“The last time I did a mile race was in 10th grade P.E.,” I remarked to my friend Jonathan as we stood around at the start of the annual Mountain Avenue Mile race in downtown Fort Collins.
Considering that was 17 years ago—and my time was a pedestrian 6:19—setting a personal record today was as much of a foregone conclusion as Lindsay Lohan landing herself in jail for drunk driving. More on my mind was if I could finish under six minutes, and by how much.
A couple of days ago I even went out to one of my favorite dirt-packed roads near home to do some half-mile Intervals That Were Simply Not Encouraging. This included a first interval of 3:07 in which I was panting worse than a dog that had just chased a rabbit in 90-degree heat, and a second interval in which I paced myself better, but still could only muster a 2:59.
I even told my buddy Nick about this, to which he replied,
Based on your two intervals, I predict you will run 5:35. Adrenaline and competition are good for at least 25 seconds, if not more.
5:35… ha! I’d be lucky to do a 5:45, I thought.
As it turned out, I could hardly be happier with my race.
At the start in the Men’s Open wave, I lined up behind a bunch of shirtless guys who were clearly going to be fast. So did Jonathan—whose pre-race strategy was to “run right behind some fast people and get a nice draft.”
Personally, my strategy was to stay on an inside lane (to minimize the distance by a few steps) and keep a steady, controlled pace throughout the entire distance. Before the race started, I counted to myself, “1-2-3 4-5-6” at a 190 step/minute tempo—a mental chant I’d repeated over and over during the first three-quarter mile.
After the race commenced I still wasn’t breathing that hard after the first quarter. Nor the second.
In the third quarter, other people in front of me seemed to be fading. Unfortunately, despite my mental step-counting, it seems like I also slowed down a bit too.
The last quarter, on the other hand, was positively exciting.
Jonathan was a few steps behind me the entire race, but picked it up after the final corner. I could hear his characteristic gait right behind me, and since I knew it would be hard to outkick him (since he has one of the most explosive sprints of anyone I know), I started my own sprint a tad earlier than I otherwise might have, with about 150 meters to go.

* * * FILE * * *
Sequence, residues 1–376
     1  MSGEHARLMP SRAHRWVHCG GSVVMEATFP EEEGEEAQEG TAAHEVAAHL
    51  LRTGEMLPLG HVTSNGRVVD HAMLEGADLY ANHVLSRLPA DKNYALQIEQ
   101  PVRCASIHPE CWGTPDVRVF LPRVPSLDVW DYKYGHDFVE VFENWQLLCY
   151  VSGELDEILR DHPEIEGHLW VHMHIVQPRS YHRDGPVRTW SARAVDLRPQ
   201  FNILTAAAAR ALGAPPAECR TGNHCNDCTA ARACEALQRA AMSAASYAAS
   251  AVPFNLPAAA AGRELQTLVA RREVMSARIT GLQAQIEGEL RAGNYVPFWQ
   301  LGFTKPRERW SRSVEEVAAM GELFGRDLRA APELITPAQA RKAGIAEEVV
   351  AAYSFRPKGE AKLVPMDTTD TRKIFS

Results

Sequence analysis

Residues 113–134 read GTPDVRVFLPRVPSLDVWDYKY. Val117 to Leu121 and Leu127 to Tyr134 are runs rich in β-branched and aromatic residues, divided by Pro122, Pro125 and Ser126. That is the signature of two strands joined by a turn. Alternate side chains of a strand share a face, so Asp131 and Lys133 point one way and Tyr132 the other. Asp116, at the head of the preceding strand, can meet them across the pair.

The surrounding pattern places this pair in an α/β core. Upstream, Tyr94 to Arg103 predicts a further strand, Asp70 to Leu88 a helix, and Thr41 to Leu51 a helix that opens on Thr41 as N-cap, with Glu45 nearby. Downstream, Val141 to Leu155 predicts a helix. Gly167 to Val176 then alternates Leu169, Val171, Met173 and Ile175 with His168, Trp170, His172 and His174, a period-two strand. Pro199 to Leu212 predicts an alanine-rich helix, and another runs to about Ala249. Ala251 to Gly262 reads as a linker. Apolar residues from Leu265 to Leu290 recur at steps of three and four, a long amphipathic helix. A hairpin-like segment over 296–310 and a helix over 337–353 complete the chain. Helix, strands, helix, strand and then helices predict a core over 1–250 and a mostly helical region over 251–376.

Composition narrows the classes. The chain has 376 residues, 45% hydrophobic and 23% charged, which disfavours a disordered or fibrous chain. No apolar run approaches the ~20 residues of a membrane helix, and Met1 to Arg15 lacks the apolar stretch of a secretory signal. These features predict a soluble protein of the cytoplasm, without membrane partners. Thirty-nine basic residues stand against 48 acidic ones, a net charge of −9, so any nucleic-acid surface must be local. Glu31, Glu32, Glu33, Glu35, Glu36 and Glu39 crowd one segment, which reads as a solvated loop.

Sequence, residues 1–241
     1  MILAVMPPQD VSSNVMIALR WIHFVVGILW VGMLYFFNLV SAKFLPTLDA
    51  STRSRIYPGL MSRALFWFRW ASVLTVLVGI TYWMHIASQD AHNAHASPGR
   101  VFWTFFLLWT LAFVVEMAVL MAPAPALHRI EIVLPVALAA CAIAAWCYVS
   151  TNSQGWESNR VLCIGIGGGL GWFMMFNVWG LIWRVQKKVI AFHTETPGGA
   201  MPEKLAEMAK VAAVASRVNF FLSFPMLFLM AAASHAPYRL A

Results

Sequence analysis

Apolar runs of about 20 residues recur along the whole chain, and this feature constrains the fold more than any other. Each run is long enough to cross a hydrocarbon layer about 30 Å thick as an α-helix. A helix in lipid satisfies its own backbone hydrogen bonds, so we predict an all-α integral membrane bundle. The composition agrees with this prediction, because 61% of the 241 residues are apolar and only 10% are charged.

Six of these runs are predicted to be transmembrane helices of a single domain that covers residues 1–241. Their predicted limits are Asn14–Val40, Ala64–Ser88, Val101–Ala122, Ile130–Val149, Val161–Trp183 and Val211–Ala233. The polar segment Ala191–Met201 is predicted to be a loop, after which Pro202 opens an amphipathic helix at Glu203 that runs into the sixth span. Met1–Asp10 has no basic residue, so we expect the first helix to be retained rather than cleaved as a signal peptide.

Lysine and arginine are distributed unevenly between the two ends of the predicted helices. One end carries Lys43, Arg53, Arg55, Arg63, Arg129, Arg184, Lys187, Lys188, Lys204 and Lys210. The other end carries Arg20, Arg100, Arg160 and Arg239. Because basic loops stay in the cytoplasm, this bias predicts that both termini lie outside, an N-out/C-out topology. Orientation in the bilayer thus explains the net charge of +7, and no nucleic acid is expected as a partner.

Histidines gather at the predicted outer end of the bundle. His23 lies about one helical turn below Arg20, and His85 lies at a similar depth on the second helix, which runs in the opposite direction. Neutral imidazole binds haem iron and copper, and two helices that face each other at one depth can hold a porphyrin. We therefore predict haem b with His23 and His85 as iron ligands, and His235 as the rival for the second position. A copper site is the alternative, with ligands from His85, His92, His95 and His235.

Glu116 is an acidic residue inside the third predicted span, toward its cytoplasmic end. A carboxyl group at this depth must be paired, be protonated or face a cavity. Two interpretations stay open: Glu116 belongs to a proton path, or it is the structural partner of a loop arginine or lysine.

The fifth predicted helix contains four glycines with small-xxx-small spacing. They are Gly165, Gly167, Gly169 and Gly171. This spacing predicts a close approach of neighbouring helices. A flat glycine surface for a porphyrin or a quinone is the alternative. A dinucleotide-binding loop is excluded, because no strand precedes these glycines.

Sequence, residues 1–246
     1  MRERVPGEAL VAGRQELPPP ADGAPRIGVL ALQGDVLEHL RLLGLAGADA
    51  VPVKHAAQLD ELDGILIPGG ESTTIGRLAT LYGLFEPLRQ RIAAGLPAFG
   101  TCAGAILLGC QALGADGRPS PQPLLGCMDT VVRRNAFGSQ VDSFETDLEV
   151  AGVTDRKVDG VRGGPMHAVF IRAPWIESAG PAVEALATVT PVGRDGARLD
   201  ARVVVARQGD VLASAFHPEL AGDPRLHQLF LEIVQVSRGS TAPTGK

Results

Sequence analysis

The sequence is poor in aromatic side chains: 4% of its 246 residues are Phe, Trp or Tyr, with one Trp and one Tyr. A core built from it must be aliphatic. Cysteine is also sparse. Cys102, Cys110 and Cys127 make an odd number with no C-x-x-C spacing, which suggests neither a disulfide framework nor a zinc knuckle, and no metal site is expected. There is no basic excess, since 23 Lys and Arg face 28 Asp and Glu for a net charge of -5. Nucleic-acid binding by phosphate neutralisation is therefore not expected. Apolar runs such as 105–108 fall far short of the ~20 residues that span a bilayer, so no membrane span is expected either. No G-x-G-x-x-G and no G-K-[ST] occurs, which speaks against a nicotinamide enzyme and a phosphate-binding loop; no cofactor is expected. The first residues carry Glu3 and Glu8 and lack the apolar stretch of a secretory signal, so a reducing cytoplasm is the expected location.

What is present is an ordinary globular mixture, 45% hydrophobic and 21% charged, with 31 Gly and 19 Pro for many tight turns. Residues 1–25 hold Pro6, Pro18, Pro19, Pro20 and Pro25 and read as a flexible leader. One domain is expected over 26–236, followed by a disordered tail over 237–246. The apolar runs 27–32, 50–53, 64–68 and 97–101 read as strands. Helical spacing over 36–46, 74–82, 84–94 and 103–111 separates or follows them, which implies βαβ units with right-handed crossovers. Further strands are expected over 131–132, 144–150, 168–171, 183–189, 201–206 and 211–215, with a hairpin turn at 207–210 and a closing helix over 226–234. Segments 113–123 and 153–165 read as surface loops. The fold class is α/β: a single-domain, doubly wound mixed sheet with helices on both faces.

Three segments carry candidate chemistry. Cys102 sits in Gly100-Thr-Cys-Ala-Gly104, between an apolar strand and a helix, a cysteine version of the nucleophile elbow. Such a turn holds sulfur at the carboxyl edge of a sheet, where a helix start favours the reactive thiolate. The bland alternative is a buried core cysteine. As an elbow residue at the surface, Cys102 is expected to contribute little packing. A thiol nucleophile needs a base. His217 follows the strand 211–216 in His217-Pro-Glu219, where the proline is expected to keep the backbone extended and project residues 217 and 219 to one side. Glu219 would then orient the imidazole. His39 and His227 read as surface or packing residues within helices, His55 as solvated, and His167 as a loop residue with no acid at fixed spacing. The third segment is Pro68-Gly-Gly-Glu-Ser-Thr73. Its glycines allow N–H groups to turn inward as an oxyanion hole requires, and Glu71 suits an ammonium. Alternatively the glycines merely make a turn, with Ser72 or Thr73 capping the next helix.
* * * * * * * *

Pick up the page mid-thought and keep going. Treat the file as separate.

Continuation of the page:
Visions of Steve Prefontaine in the Munich Olympics flashed into my mind. At that race, “Pre” knew that he could not out-kick Lasse Viren so he started a desperate, courageous sprint 400 meters out. Pre almost had him until Viren turned on the afterburners in the final corner.
A similar fate occurred to me at the Mountain Avenue Mile. I held Jonathan off until about 25 meters to go when he got a few steps on me. The instant he came around me and was about two steps ahead, I virtually threw in the towel. He simply wanted it more than I did and finished in 5:10.
But I could not be more pleased with my time: 5:12! Actually, I was really surprised. I never imagined being able to finish in the low fives, and I always assumed that doing so would feel more like a leg-trashing, lung-burning suffer-fest.
Maybe I could have run even harder. Next time Jonathan and I will attempt to finish in under five minutes. In any case, it is good to know that my running has come quite a way since 10th grade phys. ed.
1st quarter-mile: 1:15
2nd quarter-mile: 1:15
3rd quarter-mile: 1:30
4th quarter-mile: 1:12
Total time: 5:12
If you enjoyed this article, please consider receiving my weekly newsletter. I typically write about endurance bicycling, world travel, self improvement, Colorado living, marathon running, and epic adventures.